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  • Do you toggle comments or slabs of code to quickly show or hide content?
  • What are some common methods you use?
  • Is there an accepted standard?
  • Should some methods be avoided? ie could they be misinterpreted by some engines?
  • Is there an alternative or better solution to this?

Standard - This is what I use to cover most languages: CSS, JavaScript, PHP, ActionScript

/**/ visible /**/
/**\/ hidden /**/

HTML

<!----> visible <!---->
<!----/> hidden <!---->

PHP - Defining something like $hide works well, other variables could be production or dev - large slabs can then be hidden and shown together with one simple variable change.

if(0){ hidden }
if(1){ visible }
if(!$HIDE){ content } // $HIDE defined elsewhere, visible if undefined
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Not sure why this question was down voted? –  Peter Craig May 6 '09 at 2:45

4 Answers 4

up vote 2 down vote accepted

I think that if you can programmatically control what is being rendered, that is best (like what you did in the PHP). An even better solution that what you wrote (essentially a local preprocessor macro) is to actually break up your rendering code into functions that generate sub parts of the documents. If you don't need it, you don't call it, and you have a clear condition in the code. This is, for example, the way MediaWiki is written. Otherwise, in complex projects, it becomes a mess.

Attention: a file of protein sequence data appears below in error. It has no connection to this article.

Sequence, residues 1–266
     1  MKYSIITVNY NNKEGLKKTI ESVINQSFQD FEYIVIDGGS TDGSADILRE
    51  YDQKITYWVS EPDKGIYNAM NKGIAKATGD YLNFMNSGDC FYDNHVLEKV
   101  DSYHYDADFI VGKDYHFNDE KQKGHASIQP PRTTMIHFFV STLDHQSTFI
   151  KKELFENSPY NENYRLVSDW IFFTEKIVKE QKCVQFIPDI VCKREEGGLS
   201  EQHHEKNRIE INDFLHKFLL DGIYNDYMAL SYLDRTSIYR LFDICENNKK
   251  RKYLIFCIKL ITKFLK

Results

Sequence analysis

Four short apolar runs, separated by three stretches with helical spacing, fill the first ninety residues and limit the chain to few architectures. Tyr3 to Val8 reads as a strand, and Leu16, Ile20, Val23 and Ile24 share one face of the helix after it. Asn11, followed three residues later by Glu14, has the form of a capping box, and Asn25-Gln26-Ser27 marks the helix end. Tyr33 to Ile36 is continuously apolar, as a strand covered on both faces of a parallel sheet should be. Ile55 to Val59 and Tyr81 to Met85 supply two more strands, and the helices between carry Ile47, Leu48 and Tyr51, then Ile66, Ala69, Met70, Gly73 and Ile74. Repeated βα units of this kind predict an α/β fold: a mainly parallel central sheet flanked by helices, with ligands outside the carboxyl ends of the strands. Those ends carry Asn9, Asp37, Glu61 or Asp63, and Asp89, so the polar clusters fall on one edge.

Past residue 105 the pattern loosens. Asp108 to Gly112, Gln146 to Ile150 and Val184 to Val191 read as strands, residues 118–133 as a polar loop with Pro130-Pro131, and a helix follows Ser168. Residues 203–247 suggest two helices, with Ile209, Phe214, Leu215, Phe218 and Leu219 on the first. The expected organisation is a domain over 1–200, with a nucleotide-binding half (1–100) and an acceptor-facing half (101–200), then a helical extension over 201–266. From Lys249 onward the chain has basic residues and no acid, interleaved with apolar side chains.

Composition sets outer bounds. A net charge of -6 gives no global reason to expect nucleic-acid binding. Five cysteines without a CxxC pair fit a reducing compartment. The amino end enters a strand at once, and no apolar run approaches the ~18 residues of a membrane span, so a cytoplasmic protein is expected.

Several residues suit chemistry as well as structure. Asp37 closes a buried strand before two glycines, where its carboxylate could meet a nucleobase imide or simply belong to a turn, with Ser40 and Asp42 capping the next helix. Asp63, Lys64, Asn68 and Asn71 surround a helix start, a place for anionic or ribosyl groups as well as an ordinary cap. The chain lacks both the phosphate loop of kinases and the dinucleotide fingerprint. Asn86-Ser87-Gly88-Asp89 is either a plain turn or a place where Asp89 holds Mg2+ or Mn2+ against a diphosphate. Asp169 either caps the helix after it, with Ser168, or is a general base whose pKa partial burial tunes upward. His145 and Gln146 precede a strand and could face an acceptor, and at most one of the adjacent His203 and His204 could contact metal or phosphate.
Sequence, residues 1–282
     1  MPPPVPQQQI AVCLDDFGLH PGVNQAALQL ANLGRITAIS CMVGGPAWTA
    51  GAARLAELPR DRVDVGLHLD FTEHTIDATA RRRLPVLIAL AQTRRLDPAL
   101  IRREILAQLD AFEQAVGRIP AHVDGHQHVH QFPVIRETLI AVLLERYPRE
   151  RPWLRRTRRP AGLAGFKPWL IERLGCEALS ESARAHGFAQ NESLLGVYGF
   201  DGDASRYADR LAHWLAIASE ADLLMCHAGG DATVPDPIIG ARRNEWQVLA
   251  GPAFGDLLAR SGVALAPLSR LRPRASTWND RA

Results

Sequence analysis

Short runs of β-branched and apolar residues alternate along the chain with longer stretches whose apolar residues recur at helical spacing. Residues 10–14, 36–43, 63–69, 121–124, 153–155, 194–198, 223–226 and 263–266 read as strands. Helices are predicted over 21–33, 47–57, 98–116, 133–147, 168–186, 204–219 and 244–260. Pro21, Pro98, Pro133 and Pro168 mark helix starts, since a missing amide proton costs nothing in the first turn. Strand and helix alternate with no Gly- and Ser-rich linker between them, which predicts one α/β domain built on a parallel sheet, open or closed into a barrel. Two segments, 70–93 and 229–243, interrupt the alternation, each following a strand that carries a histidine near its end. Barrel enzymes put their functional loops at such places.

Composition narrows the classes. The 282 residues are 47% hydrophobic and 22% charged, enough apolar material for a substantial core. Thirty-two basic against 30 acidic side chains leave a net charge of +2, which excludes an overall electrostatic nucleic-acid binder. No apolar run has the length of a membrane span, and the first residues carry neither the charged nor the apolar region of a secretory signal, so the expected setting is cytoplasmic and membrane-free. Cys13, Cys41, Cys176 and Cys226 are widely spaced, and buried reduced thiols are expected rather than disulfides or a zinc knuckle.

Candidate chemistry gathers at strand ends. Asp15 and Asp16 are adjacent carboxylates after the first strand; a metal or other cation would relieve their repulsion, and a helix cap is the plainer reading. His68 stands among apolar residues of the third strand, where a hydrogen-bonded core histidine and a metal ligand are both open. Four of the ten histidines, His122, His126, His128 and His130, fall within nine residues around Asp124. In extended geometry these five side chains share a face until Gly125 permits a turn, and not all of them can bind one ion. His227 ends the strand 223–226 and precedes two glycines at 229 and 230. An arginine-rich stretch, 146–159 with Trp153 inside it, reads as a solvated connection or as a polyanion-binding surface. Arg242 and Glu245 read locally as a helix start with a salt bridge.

There are many risks to hard coding the comment-out in code. Among them:

  • Very easy to mess up the uncommenting

  • Not clear what was commented.

  • Problem when commented out sections overlap

  • Cut and paste errors

  • Everything that you wanted to hide is still accessible, affects search engines, etc.

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You make some good cases against avoiding using comments to hide code. –  Peter Craig May 6 '09 at 2:45
    
Thank you. I think that using comments for this in OOP code is bad though I admit I do it too often myself. On the other hand, if I am commenting out too big a block, it often means I could refactor the function into multiple functions and then just not call some. –  Uri May 6 '09 at 2:58
    
I just realised I phrased that comment incorrectly making it a double negative, I meant you make good cases against using comments in this way. Yes, this is why I'm interested in alternatives as I know it's probably not best to do but I always do it. –  Peter Craig May 6 '09 at 3:04
    
I think that having as little of your content as possible hand-coded is always the best. I've suffered a lot from the same problem on static pages. –  Uri May 6 '09 at 3:14
/*
Commented
// */

//*
Not commented
// */
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I've been told by some people that the proper way to comment out sections of C++, since we apparently don't use the preprocessor any more is to use an if statement.

if(false)
{
    chunk of code;
}

The theory being that the compiler will optimize that dead code out of the final product, and They can be nested, which /* */ style comments cannot do.

That theory is bogus, of course, because you can't use it to comment out arbitrary regions of code, for instance:

class Foo
{
    void Bar();
    if(false)
    {
        int Baz(double); // WRONG!!!
    }
};

On the other hand, this works perfectly for languages like python that allow any statement in any block, and which also lack a standard preprocessor or block comments.

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I prefer using a text editor that understands the structure of the source text I'm editing, and that can do code folding on the basis of structure as parsed by the editor.

Either of Vim or Emacs folding meets this need for me.

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